The problem of oil and gas infrastructure

snowy owl oil field

A new study by the Wildlife Conservation Society that analyzed 17 years of migratory bird nesting data in Prudhoe Bay, Alaska, found that nest survival dropped dramatically near high-use oil and gas infrastructure. and related noise, dust, traffic and air pollution. , and other disturbances. Prudhoe Bay is the site of intensive energy development and is located on the Arctic Coastal Plain, one of the most important avian breeding sites in the world. Millions of birds nest here, some then migrating through every state in the country to wintering grounds in Central and South America and even Africa, others crossing the Pacific Ocean to Russia, China, Japan, Australia, New Zealand and Antarctica.

The results, described in the review Avian biology, comes as the United States recently approved the $8 billion Willow oil project – a controversial long-term effort to drill in the largest untouched Alaskan wilderness in the United States, the Willow National Preserve. oil (NPR-A) 36,875 square miles west of Prudhoe Bay. Willow’s planned infrastructure borders the Teshekpuk Lake Special Area, one of five areas in PNR-A that have been set aside from production due to ecological significance or subsistence value – in in this case, waterfowl and nesting shorebirds, as well as caribou.

According to Martin Robards, regional director of WCS’s Arctic Beringia program and author of the study: “Birds that breed on the tundra face short breeding seasons, harsh climatic conditions and, now, environmental conditions shifting, variable and unpredictable caused by climate change. Additionally, as we demonstrate here, those that breed in industrial areas are also impacted by human activities. The urgency to better understand these relationships and mitigate impacts cannot be overstated, given the widely recognized declines of these species, our national and global obligations to protect migratory birds, and the potential impacts that are significant.

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Two Pacific loons swim on a lake in view of oil and gas installations. Photo by Kayla Schheimreif/WCS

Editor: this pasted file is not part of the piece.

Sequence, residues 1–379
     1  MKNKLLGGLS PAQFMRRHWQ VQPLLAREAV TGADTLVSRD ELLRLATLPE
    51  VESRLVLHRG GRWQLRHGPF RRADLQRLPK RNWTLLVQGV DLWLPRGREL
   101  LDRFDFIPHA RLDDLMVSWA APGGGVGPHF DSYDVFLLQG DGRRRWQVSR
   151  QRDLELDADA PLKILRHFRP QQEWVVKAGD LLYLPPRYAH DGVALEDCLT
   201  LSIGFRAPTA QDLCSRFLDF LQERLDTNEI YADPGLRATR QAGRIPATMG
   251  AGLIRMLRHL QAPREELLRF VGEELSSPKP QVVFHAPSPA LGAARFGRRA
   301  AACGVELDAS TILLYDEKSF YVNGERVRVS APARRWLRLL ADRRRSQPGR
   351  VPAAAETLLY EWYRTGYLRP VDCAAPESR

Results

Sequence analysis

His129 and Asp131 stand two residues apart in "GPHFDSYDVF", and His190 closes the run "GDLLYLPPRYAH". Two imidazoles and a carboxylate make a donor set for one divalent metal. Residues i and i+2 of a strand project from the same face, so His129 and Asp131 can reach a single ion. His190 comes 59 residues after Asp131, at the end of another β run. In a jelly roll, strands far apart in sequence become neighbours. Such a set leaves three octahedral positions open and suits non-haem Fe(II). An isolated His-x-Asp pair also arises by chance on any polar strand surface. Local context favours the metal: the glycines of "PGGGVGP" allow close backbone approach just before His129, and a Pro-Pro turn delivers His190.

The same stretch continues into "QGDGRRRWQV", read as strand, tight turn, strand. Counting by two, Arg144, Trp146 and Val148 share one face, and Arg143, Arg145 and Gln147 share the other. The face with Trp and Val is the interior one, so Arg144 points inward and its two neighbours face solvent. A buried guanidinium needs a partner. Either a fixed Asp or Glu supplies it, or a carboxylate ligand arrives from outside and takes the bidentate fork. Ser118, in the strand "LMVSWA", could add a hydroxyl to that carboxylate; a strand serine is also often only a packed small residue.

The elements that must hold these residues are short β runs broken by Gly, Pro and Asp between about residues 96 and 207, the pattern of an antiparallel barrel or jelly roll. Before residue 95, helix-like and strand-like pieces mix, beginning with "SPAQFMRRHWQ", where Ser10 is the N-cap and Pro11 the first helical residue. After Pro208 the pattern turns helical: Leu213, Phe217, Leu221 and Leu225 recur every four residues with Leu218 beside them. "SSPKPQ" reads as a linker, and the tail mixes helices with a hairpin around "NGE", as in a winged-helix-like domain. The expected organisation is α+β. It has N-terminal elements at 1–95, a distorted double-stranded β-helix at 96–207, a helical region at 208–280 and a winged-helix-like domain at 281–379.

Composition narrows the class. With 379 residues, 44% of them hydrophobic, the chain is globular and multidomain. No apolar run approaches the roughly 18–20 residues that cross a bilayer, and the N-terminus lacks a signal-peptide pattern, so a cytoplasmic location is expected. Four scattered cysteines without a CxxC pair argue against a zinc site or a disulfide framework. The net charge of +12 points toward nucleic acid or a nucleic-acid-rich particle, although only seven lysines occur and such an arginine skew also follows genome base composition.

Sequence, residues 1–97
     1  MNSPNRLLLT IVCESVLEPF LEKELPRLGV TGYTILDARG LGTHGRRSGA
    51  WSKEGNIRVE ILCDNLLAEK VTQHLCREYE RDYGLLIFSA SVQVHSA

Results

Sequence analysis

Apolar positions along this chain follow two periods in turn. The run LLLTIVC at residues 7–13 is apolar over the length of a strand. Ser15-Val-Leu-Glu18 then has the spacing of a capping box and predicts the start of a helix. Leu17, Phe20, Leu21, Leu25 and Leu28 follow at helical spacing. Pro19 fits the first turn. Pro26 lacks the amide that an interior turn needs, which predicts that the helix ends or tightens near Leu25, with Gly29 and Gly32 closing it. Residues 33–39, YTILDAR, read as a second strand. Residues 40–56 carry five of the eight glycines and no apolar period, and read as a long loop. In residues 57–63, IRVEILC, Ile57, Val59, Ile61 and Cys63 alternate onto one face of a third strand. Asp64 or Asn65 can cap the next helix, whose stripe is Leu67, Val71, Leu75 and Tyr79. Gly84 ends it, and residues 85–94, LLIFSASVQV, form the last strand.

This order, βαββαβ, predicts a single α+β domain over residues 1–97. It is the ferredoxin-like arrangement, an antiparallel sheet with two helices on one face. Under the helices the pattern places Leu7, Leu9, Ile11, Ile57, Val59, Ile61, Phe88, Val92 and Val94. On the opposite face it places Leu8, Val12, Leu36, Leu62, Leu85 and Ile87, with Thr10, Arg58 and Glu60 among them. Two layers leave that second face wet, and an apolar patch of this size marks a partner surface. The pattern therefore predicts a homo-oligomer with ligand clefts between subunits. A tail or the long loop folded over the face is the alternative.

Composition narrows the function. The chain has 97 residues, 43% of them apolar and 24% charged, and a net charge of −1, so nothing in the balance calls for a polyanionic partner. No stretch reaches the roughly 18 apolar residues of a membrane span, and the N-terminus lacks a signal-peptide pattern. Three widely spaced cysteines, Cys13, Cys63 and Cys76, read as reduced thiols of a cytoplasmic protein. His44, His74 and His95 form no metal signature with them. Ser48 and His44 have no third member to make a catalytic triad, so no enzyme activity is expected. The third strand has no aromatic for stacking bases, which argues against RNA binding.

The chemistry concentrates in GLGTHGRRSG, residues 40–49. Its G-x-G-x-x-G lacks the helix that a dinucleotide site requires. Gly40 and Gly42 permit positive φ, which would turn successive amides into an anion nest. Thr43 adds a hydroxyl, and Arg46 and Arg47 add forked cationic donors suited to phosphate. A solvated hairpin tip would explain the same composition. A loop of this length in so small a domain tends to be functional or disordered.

The research team assessed factors influencing breeding parameters of breeding birds at Prudhoe Bay between 2003 and 2019. They monitored 1,265 shorebird nests, 378 passerine (songbird) nests and 231 waterfowl nests. . They found that nest survival decreased significantly near high-use infrastructure, which had not previously been detected in previous short-term studies. The authors note that long-term data sets are rare in the Arctic, but are essential for understanding the impacts on breeding birds of climate change and increased human activities.

Factors associated with industrial development that may directly or indirectly affect nesting include: habitat degradation through altered hydrology and road dust, vehicular and aircraft traffic, noise, pollution of the air and the increase in populations of nest predators associated with development, including Glaucous Gulls, Ravens and Arctic Fox. , and other species.

“In the face of current uncertainty, to protect migratory birds, the U.S. government should ensure that areas most important to birds continue to be set aside, as has been done in the NPR-A Special Areas “said John Calvelli, executive vice president of WCS. for public affairs.

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